Origin of Livestock Rule: The NOP’s failure to strengthen the standards for organic livestock has allowed large-scale organic dairies to undermine those organic farms that comply with the intent of the organic label. Organic dairy farmers need a level playing field. Years of delay in closing loopholes in the organic standards for livestock have caused ongoing economic harm. We need the NOP to finalize an enforceable rule on Origin of Livestock as quickly as possible.

The agency has failed to address this problem for years. In 2015, the NOP published a proposed rule to clarify that, after completion of a one-time transition from a conventional dairy farm, all new dairy animals milked on an organic dairy farm would need to be managed organically from the last third of gestation. The 2015 proposed rule garnered strong public support from the entire organic community, but has never been finalized. In the FY 2020 appropriations bill, Congress gave the NOP 180 days to finalize the rule, but the agency missed this deadline.

The NOP must work to finalize this important rulemaking as quickly as possible with a final rule that can be consistently enforced and that requires that the entire one-time transition happen over a twelve-month period under the supervision of an organic certification agency as part of the producer’s Organic System Plan. Cycling dairy animals in and out of organic production must be prohibited, and once a distinct herd is transitioned to organic, all animals must be raised organically from the last third of gestation.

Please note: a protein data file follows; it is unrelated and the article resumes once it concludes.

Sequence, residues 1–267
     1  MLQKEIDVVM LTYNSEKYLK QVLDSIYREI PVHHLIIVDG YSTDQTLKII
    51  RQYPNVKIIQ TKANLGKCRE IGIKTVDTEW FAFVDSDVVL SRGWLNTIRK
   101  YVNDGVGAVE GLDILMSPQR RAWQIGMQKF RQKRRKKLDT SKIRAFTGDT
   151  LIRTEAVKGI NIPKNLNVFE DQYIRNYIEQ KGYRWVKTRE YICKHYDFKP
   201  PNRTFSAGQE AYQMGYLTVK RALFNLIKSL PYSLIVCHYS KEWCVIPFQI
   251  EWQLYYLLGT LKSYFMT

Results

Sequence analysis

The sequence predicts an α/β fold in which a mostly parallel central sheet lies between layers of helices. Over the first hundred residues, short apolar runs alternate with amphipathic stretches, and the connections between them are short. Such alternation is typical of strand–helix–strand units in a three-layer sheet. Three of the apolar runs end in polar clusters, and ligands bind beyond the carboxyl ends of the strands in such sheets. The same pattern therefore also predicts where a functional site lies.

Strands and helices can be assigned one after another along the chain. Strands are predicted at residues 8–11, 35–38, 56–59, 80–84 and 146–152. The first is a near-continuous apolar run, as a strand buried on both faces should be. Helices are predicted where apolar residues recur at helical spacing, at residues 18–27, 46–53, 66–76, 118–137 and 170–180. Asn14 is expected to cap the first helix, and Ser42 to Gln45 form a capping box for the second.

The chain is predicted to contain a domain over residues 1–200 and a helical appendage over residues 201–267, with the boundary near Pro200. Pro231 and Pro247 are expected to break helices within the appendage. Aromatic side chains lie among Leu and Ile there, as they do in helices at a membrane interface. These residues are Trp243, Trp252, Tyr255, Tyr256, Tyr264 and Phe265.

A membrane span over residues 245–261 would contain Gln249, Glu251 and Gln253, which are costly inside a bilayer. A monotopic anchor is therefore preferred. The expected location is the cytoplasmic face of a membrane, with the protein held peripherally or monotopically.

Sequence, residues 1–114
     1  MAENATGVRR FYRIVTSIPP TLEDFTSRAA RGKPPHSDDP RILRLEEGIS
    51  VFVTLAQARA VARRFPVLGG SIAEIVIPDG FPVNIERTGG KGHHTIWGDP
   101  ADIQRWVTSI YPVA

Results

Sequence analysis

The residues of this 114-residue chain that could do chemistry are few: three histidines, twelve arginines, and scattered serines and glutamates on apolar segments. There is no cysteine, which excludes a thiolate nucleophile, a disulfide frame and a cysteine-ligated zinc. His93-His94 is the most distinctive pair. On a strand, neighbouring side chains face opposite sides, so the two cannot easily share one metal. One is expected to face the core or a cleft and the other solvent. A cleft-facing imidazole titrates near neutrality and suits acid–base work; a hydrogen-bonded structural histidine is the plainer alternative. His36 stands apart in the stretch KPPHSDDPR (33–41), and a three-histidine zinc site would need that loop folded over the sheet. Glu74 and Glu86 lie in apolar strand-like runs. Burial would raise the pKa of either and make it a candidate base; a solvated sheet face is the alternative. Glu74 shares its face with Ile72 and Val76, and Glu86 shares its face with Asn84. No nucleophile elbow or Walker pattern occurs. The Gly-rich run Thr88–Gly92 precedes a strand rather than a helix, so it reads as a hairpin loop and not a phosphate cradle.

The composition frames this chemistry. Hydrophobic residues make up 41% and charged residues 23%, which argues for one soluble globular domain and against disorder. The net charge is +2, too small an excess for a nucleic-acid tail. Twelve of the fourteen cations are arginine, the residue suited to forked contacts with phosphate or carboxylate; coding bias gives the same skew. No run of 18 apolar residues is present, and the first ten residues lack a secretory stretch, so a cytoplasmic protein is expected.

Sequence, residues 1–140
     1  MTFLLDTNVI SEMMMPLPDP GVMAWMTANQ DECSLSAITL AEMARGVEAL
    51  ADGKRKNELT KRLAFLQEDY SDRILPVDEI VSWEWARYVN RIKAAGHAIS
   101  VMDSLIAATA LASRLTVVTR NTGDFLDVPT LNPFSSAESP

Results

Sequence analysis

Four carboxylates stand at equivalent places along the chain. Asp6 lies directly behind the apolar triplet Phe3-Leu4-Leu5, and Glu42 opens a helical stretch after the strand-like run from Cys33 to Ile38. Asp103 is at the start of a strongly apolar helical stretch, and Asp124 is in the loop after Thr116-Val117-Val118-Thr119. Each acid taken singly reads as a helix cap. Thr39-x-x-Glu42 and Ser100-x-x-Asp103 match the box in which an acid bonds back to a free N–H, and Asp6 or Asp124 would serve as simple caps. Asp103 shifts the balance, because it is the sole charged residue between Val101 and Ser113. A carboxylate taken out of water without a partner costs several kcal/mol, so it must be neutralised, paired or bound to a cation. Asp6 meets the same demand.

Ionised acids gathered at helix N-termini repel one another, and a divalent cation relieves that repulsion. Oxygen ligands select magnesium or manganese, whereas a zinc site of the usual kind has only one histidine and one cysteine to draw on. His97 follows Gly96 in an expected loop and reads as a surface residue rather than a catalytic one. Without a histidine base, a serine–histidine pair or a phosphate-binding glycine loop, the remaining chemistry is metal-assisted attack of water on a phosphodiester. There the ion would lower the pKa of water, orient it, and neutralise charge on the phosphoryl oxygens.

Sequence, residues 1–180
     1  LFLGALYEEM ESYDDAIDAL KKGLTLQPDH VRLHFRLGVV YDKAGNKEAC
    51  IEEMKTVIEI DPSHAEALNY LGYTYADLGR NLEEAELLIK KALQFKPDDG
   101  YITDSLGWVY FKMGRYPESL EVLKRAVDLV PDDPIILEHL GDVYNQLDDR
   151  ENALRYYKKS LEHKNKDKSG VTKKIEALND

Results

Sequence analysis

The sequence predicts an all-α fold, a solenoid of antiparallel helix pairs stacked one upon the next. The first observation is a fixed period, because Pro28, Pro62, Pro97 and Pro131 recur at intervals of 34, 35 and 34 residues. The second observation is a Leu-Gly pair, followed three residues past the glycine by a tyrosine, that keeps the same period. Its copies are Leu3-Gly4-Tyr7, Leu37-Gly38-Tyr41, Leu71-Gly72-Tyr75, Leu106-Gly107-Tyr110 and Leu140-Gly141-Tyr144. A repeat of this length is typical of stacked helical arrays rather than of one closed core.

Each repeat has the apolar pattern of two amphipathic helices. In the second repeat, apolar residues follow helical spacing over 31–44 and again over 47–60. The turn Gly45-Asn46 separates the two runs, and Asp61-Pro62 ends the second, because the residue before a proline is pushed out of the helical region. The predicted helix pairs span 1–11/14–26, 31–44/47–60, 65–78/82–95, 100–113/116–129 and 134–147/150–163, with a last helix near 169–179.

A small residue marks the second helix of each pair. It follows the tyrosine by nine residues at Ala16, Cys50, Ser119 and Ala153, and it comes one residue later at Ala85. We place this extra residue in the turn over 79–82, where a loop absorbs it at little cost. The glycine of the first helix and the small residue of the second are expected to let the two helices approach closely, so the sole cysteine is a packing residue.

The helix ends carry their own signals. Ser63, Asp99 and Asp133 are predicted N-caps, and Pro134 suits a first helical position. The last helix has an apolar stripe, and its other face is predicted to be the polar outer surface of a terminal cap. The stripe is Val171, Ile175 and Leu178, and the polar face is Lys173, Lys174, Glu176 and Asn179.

Organic Livestock and Poultry Practices Rule: The Organic Livestock and Poultry Practices (OLPP) rule is another long-overdue measure to strengthen the organic standards, which was delayed and ultimately withdrawn by the Trump Administration. The OLPP final rule would allow the NOP to consistently enforce stronger animal welfare standards on organic farms and close loopholes being taken advantage of by some large operations. The rule was discussed and vetted in the organic community for more than a decade and has widespread support. Animal welfare is an issue of critical importance to organic consumers, and these standards must be tightened to retain consumers’ confidence in the organic label. We urge you to reinstate the final OLPP rule as quickly as possible.

Organic Certification Cost-Share Program: All certified organic operations must complete annual inspection and certification. The federal government has historically reimbursed up to 75 percent of organic certification fees paid by organic farms and businesses, with a maximum reimbursement of $750 per certification scope (crops, livestock or handling) per operation. This summer, USDA’s Farm Services Agency (FSA) cut reimbursement rates for 2020 certification costs to 50 percent, up to a maximum of $500 per scope. This action leaves organic operations – who had been planning on being reimbursed for their certification costs at the same level as previous years – burdened with an unplanned expense, in the midst of a period of higher costs and disrupted markets caused by the pandemic. The cost share program is particularly important to small and mid-sized organic farms, and those who are just starting out with organic certification.